paid sick time to care for themselves and their families when illness strikes or medical needs arise.
Since the rst edition of
Expecting Better 
, workers in some states have gained new rights that address the work and family challenges faced by new parents. For example:
In 2011, Connecticut became the rst state to pass a paid sick days law, joining the District of Columbia, in
providing many workers the right to earn paid sick time that can be used to care for an ill child or family member or to seek medical care. Two cities — San Francisco and Seattle — also provide this right;
In 2008, New Jersey joined California in establishing a paid family leave insurance program that provides new parents (and other family caregivers) with partial wage replacement during up to six weeks of family leave.
In 2007, the state of Washington took a signicant step toward establishing a paid parental leave program.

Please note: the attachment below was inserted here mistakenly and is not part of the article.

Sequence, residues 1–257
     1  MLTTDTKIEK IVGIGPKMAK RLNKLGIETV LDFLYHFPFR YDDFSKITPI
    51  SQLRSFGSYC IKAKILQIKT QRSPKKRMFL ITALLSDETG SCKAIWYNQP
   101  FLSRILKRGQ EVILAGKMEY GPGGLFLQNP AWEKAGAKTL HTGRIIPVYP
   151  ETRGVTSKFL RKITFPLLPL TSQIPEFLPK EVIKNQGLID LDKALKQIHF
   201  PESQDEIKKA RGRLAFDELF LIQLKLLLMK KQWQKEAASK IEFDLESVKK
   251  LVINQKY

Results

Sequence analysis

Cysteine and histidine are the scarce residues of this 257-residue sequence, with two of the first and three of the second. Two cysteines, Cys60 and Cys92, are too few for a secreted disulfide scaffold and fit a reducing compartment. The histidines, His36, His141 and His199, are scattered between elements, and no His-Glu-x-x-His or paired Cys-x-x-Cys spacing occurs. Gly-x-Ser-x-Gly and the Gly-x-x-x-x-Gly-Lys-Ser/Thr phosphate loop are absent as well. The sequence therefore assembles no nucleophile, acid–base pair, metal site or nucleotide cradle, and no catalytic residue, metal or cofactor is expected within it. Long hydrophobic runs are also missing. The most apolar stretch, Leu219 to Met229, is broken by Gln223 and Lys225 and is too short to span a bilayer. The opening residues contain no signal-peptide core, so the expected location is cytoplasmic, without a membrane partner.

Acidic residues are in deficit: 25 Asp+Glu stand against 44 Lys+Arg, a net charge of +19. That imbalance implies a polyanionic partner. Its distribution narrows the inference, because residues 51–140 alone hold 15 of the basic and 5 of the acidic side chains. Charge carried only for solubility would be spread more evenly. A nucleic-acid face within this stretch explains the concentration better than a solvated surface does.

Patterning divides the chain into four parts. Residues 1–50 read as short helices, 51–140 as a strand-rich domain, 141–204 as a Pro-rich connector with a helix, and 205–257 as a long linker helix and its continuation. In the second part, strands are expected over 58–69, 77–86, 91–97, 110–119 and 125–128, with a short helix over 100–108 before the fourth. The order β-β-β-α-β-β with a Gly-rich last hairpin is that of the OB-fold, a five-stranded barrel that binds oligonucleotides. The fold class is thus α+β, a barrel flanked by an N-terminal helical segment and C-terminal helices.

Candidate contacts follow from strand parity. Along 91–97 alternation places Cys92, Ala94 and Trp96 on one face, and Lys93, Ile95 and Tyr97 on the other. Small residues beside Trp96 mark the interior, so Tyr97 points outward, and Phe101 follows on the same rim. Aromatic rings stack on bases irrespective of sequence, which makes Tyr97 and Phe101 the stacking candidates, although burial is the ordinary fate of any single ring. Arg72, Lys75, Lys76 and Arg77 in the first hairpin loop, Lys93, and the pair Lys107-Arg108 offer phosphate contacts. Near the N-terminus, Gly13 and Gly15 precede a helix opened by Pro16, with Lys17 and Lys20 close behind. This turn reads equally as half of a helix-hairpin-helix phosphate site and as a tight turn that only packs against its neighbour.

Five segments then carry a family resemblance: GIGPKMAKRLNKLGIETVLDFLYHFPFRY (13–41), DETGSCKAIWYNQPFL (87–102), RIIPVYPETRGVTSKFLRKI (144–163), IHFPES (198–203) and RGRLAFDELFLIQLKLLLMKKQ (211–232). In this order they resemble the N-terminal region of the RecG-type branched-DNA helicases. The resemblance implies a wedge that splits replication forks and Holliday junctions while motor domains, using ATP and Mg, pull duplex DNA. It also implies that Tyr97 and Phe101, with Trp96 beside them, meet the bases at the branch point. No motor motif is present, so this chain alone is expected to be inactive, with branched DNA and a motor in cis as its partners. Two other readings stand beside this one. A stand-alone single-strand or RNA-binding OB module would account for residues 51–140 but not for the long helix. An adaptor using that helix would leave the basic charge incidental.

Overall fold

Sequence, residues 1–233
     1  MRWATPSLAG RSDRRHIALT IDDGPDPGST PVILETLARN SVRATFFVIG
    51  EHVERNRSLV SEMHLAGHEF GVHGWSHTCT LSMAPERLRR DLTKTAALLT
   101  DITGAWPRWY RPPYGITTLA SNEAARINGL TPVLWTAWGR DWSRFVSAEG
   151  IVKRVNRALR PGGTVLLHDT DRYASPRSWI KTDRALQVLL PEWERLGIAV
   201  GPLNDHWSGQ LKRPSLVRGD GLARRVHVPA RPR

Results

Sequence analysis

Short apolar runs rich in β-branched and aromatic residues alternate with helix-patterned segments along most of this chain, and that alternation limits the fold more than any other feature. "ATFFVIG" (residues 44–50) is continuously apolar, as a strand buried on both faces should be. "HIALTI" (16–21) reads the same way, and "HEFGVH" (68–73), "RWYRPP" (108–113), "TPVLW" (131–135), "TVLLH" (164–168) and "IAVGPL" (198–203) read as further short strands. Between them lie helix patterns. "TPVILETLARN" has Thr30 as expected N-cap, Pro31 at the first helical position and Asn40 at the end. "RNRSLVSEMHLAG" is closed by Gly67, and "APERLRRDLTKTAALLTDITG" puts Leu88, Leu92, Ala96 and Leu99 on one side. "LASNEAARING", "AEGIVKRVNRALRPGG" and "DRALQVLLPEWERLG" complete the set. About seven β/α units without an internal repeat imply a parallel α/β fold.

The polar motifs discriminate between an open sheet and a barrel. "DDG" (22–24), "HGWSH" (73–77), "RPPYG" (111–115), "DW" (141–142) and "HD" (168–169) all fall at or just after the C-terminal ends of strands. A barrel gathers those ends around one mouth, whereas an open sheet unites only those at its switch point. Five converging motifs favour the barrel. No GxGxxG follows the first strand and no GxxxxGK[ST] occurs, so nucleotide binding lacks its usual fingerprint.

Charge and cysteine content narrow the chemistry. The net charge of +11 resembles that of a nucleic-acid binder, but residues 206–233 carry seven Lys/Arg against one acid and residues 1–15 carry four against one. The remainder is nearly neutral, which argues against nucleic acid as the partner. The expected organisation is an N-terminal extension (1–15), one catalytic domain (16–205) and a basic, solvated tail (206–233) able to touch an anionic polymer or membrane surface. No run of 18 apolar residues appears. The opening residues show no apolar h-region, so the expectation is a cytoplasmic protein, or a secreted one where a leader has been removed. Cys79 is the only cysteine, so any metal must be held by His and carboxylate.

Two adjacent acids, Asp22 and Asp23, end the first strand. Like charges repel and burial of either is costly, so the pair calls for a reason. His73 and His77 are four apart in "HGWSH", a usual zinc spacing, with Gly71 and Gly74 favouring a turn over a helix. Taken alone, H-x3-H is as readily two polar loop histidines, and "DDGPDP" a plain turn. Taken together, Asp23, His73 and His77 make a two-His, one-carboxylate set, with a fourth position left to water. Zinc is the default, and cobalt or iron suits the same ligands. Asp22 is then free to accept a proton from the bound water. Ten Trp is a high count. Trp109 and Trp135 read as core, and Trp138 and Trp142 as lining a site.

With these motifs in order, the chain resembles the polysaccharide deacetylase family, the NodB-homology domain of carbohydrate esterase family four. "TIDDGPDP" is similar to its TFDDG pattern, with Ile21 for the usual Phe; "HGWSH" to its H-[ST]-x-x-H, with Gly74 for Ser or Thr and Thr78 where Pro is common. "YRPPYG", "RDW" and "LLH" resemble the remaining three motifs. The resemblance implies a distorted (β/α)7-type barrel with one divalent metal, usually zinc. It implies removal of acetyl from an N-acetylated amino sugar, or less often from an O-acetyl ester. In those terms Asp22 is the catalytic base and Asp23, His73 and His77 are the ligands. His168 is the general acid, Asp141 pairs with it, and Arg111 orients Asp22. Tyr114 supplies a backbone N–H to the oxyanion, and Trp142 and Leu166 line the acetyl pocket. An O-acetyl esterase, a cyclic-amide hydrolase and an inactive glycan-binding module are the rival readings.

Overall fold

In 2007, Maine expanded workers’ ability to take unpaid, job-protected family leave by recognizing that
domestic or civil union partners often need to care for each other and each other’s children.
And, from 2006 through 2009, nine states granted new rights to nursing mothers in the workplace.
At the federal level, workers have also gained new family friendly rights. Many nursing mothers are now guaranteed
reasonable break time and a private place to express breast milk while at work, thanks to a provision in the 2010
health care reform law that amended the Fair Labor Standards Act. Expansions of the Family and Medical Leave Act (FMLA) in 2008 and 2009 provided new leave rights to military families. And a new 2010 interpretation of the FMLA